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Berylliosis

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Abstract

THE metal beryllium, in addition to exhibiting unusual chemometallurgic properties, has in the last decade brought to the attention of the medical world its puzzling physiologic and pathologic effects in man. Up to the present the largest number of cases of beryllium intoxication have occurred in plants engaged in the extraction and processing of beryllium and in the manufacture of fluorescent lamps.1 The least number of cases have been reported from workers engaged in the salvage of fluorescent lamps, in sign tube manufacture, in laboratory research, in the manufacture of ceramic containing beryllium, in the manufacture of beryllium alloys, and in the working of beryllium metal. No known beryllium cases have been reported in the mining, shipping and handling of beryl ore.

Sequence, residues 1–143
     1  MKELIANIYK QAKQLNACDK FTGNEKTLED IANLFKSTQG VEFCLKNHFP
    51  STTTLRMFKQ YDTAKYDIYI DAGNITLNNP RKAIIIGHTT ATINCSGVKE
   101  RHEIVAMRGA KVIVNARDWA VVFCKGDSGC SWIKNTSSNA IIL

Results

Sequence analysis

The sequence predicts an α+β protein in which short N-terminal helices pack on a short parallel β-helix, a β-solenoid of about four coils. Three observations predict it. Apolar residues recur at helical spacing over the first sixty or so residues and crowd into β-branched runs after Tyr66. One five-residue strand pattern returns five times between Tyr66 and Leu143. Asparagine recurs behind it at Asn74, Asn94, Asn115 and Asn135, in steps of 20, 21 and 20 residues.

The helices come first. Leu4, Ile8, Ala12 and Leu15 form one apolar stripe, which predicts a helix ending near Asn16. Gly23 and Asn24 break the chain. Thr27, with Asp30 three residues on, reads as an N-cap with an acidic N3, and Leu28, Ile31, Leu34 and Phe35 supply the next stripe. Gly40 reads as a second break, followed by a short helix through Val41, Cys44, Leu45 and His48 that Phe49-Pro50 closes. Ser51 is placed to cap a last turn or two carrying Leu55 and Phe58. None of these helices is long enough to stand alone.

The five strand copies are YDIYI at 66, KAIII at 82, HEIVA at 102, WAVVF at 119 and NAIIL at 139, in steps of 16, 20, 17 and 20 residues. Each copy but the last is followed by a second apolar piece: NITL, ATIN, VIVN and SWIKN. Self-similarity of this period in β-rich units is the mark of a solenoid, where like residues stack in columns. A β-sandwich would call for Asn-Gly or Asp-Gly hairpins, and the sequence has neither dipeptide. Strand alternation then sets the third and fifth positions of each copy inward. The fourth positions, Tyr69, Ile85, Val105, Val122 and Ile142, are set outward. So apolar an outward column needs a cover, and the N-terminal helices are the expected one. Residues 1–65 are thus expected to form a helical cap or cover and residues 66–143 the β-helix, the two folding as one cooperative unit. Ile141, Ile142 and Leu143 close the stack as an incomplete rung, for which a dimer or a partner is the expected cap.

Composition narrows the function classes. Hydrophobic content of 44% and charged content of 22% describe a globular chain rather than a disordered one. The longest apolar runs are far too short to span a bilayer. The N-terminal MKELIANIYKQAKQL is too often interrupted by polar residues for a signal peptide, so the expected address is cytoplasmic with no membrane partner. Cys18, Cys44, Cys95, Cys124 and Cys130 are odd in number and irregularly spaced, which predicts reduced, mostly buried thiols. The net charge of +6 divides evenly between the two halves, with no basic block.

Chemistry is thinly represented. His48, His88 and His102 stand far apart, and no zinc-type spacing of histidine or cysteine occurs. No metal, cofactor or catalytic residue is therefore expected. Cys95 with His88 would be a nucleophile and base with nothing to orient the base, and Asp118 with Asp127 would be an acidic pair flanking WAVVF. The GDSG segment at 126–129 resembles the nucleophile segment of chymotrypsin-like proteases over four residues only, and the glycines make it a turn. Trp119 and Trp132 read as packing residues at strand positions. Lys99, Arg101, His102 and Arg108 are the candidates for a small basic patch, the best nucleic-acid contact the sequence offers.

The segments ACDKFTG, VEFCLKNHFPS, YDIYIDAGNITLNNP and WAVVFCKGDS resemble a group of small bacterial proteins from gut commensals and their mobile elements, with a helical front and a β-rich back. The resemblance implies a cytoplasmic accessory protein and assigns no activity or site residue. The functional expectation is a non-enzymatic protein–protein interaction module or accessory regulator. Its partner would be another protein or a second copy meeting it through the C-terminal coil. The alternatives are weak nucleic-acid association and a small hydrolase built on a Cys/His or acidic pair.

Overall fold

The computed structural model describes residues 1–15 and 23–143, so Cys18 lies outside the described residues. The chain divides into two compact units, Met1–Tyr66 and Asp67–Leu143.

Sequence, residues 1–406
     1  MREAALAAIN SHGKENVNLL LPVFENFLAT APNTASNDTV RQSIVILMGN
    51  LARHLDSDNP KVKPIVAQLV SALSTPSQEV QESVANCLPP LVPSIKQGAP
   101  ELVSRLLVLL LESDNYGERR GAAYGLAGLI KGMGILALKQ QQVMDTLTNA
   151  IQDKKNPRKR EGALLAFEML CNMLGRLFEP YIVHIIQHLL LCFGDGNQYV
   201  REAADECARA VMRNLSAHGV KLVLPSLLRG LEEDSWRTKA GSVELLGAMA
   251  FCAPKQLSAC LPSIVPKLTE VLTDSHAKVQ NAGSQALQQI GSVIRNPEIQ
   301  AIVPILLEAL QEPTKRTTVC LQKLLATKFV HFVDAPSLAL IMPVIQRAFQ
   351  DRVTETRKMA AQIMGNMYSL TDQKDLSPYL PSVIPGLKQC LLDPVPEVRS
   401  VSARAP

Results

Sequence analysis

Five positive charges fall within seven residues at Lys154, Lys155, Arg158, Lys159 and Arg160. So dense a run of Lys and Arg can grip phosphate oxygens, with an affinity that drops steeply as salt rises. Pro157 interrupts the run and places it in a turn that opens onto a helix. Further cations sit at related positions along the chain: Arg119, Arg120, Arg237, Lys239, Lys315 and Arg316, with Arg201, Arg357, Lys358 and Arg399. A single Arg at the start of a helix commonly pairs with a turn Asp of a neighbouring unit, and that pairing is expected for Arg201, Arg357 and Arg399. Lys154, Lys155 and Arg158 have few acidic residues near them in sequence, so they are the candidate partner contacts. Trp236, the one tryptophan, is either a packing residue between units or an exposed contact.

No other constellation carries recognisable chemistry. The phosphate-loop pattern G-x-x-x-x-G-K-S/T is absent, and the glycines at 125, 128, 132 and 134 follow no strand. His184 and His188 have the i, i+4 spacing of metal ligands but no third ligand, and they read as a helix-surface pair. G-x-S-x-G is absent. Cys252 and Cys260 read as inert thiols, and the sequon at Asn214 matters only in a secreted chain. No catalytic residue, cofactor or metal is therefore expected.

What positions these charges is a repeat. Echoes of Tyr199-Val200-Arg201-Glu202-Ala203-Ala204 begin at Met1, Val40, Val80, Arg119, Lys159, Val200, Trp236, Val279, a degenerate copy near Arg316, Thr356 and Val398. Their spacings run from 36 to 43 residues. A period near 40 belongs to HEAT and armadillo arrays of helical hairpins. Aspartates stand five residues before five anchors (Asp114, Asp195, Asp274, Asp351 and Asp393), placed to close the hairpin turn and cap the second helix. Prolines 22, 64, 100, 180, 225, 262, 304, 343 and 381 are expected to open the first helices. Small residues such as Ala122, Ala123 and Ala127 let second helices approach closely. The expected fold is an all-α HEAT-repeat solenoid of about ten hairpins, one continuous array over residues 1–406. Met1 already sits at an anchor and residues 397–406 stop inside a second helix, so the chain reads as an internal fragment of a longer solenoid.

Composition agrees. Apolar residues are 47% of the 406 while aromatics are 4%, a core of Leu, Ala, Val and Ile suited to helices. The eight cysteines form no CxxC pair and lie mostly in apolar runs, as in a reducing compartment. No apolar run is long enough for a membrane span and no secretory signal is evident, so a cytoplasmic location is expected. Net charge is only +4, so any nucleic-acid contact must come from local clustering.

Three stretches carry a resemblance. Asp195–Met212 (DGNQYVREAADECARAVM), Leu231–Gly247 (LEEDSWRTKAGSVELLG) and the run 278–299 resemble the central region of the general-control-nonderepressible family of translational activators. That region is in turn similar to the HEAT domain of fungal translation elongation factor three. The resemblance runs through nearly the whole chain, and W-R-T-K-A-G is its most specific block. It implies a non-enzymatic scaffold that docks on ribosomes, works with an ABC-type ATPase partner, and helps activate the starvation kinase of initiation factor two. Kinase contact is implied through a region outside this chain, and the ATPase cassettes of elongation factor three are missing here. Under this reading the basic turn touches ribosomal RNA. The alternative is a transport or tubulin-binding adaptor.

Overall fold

Recognition of occupational hazards involving either the derma and/or the respiratory tract came in the early years of the beryllium extraction and processing industry. Since 1940 the authors have observed and treated 461 cases of the various types of beryllium poisoning. Table 1 is a summary of the incidence, mortality and causative compound of the acute manifestations encountered in plants A, B and C. Dermal and ocular manifestations were evident in 202 cases; minor and major respiratory tract involvement occurred in 229 persons. This survey also includes 2 dermal and 31 pulmonary cases of the chronic form of the disease. Many of the cases included have been reported in previous publications.2,3,4

The data in this survey are presented to bring to the attention of the toxicologist, the industrial. . .


 

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